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Some songs hit you with instantaneous love – a fanfare – an instant, pulse-racing recognition – an immediate response, like hunger attends upon the smell of baking.  But some songs are more discreet and cunning.  They trickle in and take up residence without ever imposing in the hot-and-heavy manner of the more passionate sort of song-crush.

This is one of the more discreet ones. :-)

Indeed, my taste in music doesn’t normally veer towards the delicate, or the feminine.  (Generally speaking, I will only pay money for the sort of music that I couldn’t possibly make myself.  So; very male, guitar-ish and weird stuff is my usual glass of tea.)  But when I saw a BBC documentary about Californian singer-songwriter music of the 1970s (how specific!), a performance by Judee Sill really stood out.  For one thing, I’d never heard of her, but her beautiful song ‘The Kiss’, performed at the piano, simply and elegantly and with a kind of tense, private air, as if she was being terribly honest and terribly secretive at the same time…  Well, I couldn’t believe that that song was not world-famous.  I couldn’t believe I was hearing something so pure and perfect, an absolute gem nestled in the base metal of the various droopy, male whingers who constituted most of the other artists featured.  The information that skirted across the bottom of the screen on a ticker, telling me that this lady, with her noble, austere and almost Medieval air, had died of a drugs overdose and had been a juvenile delinquent…  Goodness, that was surprising.  I wanted to know what had happened there – how one person could unite two poles: the holy muse, and the unhinged hedonist.

It seems, from what I can tell, for the information is quite sparse, that it was the contradictions in her character that best defined Judee Sill.  The teenage delinquent who ends up playing the organ in reform school.  The earthy sensation-seeker with many lovers, who at the same time craves spiritual succour and even asceticism.  It’s an interesting and not entirely sad tale, for although she died young and in mysterious and tragic circumstances, her music is not sad.  Wistful, romantic, filled with yearning, both physical and spiritual, but not sad.  It broadcasts a personality that might irritate you, exasperate you, hurt you with its selfishness and insensitivity, and then in a moment floor you with sincerity, clarity, tenderness and self-knowledge.  On a more practical note, her lyrics are both poetic and wry.  Her arrangements are scintillating, soaring things.  Her voice is unadorned, simple and unforced.

As for this particular song – ‘Lopin’ Along thru the Cosmos’ – here are the lyrics:

Lopin’ along thru the Cosmos,
And sideways I slide thru the square,
I’m hopin’ so hard for a kiss from God,
I missed the sweet love of the air…

A silver chariot soars
Thru mercury ripples of sky,
I’m lookin’ so hard for a place to land,
I almost forgot how to fly…

So keep on movin’,
Or stay by my side, either way,
I’ll tell you a secret
I’ve never revealed
However we are is O.K.

Copyright Judee Sill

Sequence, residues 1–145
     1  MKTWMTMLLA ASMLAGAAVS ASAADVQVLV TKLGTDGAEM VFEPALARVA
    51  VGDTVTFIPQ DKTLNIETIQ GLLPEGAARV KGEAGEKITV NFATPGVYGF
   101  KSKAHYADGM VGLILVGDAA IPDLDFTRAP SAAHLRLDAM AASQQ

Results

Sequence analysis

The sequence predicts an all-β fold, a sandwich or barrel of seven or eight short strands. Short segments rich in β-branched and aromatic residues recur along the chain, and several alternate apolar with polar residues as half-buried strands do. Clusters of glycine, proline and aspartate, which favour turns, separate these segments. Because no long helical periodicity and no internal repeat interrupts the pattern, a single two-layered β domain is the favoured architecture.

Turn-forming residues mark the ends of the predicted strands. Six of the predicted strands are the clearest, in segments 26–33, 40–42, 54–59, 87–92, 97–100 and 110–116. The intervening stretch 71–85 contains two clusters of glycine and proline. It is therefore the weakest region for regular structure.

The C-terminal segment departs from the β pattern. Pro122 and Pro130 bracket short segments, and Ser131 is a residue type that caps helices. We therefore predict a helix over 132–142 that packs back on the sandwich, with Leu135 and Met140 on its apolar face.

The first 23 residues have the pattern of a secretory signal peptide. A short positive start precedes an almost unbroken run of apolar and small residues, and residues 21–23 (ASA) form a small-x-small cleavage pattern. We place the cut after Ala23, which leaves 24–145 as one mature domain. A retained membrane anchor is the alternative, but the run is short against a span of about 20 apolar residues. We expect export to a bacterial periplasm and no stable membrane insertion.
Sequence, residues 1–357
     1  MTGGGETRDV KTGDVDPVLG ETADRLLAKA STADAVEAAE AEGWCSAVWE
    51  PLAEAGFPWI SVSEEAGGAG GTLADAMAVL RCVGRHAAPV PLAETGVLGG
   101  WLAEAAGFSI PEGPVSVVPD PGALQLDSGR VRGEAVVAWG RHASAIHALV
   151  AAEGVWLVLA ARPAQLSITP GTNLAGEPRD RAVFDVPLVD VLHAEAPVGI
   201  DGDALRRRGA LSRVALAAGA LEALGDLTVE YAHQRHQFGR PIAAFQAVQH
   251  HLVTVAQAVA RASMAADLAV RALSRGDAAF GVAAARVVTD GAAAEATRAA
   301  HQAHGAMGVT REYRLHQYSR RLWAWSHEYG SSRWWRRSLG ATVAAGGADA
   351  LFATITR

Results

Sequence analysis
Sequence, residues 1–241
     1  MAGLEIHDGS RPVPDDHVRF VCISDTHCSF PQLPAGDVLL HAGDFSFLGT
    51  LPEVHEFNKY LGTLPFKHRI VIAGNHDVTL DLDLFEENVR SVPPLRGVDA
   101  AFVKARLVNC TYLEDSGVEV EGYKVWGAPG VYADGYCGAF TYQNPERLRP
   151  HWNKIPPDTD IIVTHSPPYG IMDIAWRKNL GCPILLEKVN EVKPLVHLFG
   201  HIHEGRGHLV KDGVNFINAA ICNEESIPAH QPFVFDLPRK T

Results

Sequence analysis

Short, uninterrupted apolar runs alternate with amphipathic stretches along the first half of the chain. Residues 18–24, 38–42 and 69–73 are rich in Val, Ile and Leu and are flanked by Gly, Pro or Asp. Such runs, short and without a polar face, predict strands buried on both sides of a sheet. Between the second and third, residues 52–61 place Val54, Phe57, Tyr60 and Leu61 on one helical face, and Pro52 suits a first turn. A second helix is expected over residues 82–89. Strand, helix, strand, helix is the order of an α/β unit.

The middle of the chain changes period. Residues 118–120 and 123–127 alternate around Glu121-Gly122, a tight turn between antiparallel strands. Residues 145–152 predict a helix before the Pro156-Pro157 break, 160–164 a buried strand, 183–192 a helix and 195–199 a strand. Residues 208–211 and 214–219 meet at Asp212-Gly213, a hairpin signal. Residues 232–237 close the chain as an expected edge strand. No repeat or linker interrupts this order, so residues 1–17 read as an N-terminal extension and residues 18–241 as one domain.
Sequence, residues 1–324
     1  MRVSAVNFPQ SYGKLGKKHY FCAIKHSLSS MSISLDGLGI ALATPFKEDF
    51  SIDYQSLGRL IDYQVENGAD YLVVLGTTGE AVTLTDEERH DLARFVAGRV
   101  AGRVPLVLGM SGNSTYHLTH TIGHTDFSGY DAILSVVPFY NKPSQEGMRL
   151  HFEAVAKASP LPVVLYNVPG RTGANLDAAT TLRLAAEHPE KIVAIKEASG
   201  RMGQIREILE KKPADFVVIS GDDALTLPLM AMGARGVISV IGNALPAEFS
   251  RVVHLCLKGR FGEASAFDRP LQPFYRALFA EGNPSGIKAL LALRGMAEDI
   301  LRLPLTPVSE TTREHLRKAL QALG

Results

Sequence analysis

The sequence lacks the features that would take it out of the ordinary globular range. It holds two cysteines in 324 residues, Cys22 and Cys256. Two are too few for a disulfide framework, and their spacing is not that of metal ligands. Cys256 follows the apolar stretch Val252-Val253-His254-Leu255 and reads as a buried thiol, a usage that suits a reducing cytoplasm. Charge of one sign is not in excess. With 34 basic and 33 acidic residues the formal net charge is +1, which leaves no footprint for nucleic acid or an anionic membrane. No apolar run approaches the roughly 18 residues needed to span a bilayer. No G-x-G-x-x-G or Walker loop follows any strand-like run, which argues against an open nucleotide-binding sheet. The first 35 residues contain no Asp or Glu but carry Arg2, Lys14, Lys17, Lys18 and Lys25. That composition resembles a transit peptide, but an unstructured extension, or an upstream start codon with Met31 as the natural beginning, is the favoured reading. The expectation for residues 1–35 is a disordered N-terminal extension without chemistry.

It’s a slow, reflective, introspective sort of song, not one that bombards you with its showiness or its cleverness.  But it sinks in, and after a while I found myself contemplating this song a whole lot.  The meaning I take from it is that a person can be so focused on perfection, on things they don’t yet have, or would like to achieve, or that one piece of the puzzle they think they need to complete them, that they never realise what they already have – around them, in their life, in others, and in themselves.  Also I detect an air of letting-go in these lyrics – in the final verse I think she is telling someone that whether they are together or apart, in a passionate relationship or just ‘there’ at the end of a thought, it is enough for her that this person exists.  Enough that they have ever existed.  Just *that person* is enough.  No more demands, no more expectations – just two people.  “However we are is O.K.”  (It may also be directed at God – for religion was a major preoccupation of Judee Sill’s.  Perhaps she is ‘making peace with God’ – saying, “That I know you are there is enough.”  Trying to let go of forcing God into the cracks and crevices where she would like to find Him, trying to leave behind all the cryptic definitions and hats that we make God wear for our own purposes…  That is a general ‘we’, of course, since I am not religious myself.)

I love that idea.  I also cherish the other meaning that occurs to me: that, very literally, ‘however we are is O.K.’ – nobody comes into this world lacking or imperfect.  Unfortunately, many of us feel that we are lacking and imperfect.  We try to paper over the cracks with all kinds of props – alcohol to make us brave (or foolhardy); sarcasm to deflect our recognition of ourselves in others’ ‘flaws’; irony to allow us to swerve before truly committing ourselves to an honest opinion; the submerging of our own ideals and emotions in favour of others’, in aid of running with the pack, fitting in…  It’s all so unnecessary.  Although we strive to be ‘more than we are’, we can never escape being just ourselves, and really, that is enough.

Whenever I need reminding that ‘however I am, I’m O.K.’, I think about this song and about the person who wrote it, and wonder whether she ever convinced herself that she was ‘O.K.’  I hope so, for she most certainly was – O.K. and then some.

Eavesdrop, snoop, and sigh with yearning...

This journal is not a private diary, it is more like an occasional, imaginary column. Therefore, much of it is on public display. However, if you want to read my occasional attempts at creative writing, my Caution Elf tells me I should only show that stuff to my friends. You know what to do. :-)

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